Rubicon Fellowships

Some of MIT’s faculty have hosted or received requests to host Fellows from the Netherlands on Rubicon Fellowships. These are funded by the Netherlands Organisation for Scientific Research (NWO) and consist of up to two years of support for researchers who have recently completed their doctorates in the Netherlands to do post-doctoral work at an institution outside the Netherlands.

Rubicon Fellowships are similar to Marie Curie fellowships and, like those, require significant negotiation for MIT to accept the awards. One of the main issues is that the NWO General Provisions give NWO ownership of any intellectual property developed by the Fellow while at MIT. This requirement conflicts with MIT policy governing visiting researchers, which requires a visiting researcher to assign all intellectual property he/she creates while at MIT to MIT (and sign an Invention and Proprietary Information Agreement (“IPIA”) to that effect).

To enable MIT to host Rubicon Fellows, MIT’s leadership has allowed a special exception to the MIT visiting researcher policy. Under this exception, MIT can host Rubicon Fellows if the following requirements are met:

  1. The Fellow will work on his/her own defined project, the subject of which does not overlap with that of any current or foreseeable non-federally sponsored research project conducted in the host faculty member’s lab;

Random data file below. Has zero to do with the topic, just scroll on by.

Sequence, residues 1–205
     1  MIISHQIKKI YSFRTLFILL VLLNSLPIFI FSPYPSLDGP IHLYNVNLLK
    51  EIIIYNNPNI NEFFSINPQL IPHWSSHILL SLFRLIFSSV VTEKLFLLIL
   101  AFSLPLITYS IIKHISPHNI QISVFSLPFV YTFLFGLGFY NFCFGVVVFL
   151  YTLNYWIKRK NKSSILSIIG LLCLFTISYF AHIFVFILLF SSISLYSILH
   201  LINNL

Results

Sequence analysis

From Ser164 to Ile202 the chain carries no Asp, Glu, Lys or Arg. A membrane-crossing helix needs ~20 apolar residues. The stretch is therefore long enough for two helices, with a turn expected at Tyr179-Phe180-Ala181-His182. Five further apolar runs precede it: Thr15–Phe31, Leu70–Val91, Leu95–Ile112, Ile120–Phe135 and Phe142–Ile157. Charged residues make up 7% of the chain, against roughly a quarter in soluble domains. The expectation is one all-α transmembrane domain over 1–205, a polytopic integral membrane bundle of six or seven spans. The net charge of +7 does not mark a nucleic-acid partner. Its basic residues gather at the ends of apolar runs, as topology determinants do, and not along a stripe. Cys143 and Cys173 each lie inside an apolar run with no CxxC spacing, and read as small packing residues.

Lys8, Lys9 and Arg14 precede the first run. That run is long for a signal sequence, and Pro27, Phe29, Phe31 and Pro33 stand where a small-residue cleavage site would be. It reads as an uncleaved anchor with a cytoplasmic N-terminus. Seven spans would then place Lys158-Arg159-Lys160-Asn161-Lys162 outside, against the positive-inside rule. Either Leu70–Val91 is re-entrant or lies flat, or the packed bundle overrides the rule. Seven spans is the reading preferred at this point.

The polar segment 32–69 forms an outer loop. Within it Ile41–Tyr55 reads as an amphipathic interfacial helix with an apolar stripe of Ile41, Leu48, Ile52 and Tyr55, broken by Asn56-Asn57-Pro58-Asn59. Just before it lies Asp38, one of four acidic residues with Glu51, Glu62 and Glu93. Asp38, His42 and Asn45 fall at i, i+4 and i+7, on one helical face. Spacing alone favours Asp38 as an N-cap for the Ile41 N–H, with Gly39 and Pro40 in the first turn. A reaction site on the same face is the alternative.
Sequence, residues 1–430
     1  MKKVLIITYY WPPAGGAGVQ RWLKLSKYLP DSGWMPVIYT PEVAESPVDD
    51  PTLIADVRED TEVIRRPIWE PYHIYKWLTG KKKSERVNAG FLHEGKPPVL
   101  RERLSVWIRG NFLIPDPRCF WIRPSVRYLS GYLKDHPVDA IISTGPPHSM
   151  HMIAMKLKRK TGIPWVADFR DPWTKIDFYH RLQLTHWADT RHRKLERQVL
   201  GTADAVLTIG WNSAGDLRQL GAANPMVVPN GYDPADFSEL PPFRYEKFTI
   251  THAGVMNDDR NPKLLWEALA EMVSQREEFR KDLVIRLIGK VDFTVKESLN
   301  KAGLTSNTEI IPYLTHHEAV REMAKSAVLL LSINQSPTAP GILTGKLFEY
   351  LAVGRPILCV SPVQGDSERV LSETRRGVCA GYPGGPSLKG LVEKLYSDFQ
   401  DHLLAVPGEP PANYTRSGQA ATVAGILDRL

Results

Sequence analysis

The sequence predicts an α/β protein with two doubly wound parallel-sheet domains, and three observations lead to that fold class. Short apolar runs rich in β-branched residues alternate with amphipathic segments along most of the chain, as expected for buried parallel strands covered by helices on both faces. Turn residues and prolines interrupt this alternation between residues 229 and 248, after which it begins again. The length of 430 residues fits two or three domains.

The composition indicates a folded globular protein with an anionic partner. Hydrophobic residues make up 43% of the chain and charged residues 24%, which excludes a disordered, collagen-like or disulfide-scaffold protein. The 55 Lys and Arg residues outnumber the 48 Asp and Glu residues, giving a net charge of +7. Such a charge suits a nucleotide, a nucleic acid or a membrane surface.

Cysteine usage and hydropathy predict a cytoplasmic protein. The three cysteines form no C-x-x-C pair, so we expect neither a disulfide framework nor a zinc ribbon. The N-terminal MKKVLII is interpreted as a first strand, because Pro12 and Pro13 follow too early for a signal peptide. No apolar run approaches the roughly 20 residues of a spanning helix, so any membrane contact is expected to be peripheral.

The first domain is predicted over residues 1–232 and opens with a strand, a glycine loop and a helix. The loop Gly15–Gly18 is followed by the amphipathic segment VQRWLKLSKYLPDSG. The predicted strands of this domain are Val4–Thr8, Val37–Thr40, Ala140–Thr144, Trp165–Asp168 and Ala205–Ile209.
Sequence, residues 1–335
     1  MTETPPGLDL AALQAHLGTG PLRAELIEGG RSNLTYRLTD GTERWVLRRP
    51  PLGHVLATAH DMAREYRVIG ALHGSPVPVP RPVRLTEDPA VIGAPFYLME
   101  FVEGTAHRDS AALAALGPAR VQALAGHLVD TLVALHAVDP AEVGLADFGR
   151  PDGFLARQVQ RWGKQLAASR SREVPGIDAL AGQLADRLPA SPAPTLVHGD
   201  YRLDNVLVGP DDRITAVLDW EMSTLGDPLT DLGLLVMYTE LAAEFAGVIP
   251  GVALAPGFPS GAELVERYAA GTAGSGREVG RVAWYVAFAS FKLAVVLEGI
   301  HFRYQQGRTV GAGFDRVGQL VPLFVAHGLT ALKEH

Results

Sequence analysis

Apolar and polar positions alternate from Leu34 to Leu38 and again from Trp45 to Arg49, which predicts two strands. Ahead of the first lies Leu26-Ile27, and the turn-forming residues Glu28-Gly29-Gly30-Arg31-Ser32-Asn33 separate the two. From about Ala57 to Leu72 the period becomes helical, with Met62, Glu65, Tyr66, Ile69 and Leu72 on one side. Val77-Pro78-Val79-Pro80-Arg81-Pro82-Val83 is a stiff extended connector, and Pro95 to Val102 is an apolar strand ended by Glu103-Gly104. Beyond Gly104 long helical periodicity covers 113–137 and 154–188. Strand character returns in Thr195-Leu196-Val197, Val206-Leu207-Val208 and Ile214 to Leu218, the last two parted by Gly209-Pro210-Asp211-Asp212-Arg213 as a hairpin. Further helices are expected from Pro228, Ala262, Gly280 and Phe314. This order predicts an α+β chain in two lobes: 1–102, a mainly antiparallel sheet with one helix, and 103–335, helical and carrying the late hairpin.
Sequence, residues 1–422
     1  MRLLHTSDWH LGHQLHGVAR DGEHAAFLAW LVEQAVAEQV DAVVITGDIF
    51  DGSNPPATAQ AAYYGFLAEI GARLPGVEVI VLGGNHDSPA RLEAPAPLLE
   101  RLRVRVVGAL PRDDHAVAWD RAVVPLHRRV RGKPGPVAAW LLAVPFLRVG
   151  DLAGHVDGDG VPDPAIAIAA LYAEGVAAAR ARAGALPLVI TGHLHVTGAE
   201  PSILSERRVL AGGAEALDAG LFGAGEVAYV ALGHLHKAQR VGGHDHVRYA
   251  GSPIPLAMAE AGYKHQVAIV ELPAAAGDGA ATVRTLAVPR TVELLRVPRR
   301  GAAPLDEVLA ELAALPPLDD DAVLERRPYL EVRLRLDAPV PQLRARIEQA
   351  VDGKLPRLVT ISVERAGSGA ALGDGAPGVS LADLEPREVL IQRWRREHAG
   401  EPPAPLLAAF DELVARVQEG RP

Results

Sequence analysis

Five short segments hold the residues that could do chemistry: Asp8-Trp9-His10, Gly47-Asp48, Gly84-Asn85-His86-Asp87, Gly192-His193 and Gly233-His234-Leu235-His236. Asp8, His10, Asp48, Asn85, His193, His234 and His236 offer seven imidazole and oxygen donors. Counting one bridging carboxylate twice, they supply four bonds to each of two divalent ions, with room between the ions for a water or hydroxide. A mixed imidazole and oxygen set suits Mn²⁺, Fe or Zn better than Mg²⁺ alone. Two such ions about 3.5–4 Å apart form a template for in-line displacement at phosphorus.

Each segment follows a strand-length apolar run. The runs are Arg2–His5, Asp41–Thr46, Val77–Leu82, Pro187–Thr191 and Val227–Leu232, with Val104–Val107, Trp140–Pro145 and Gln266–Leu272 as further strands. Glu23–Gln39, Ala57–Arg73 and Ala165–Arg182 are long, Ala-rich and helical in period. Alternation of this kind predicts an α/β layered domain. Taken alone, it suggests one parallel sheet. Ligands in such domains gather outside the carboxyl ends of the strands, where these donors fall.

2. The sending institution agrees to provide a “bench fee” to MIT (for Rubicon Fellowships, this is usually in the form of Research costs and Overhead);
  3. The sending institution agrees that any intellectual property created by the Fellow while at MIT will be JOINTLY owned by the sending institution and MIT. These conditions must be agreed to in the Rubicon Award Agreement between NWO and MIT.

RAS has successfully negotiated agreements for a number of Rubicon Fellowships based on these conditions. Because the resolution requires that we grant certain rights to NWO, the hosting PI will need to provide a list of current, pending and anticipated research awards and indicate whether they believe there is any overlap between the fellow’s project and the research project supported by the award.

The RUBICON Supplemental Proposal Routing Form should be completed by the PI at proposal stage to confirm that the fellow’s project is distinct and does not overlap any non-federal-sponsored research projects in the host lab.

Some Rubicon Fellowships contain a troublesome “clawback” provision allowing NWO to reclaim the funds paid to MIT and the Fellow (retroactively if necessary) for any reason. If NWO will not agree to remove this term during negotiations, RAS will only be able to accept the fellowship if the hosting PI confirms via email that he/she is willing to use funds in a discretionary account to cover any potential liability under such a “clawback” provision (basically an amount equal to the full amount of the fellowship grant) and provides RAS with the discretionary account number.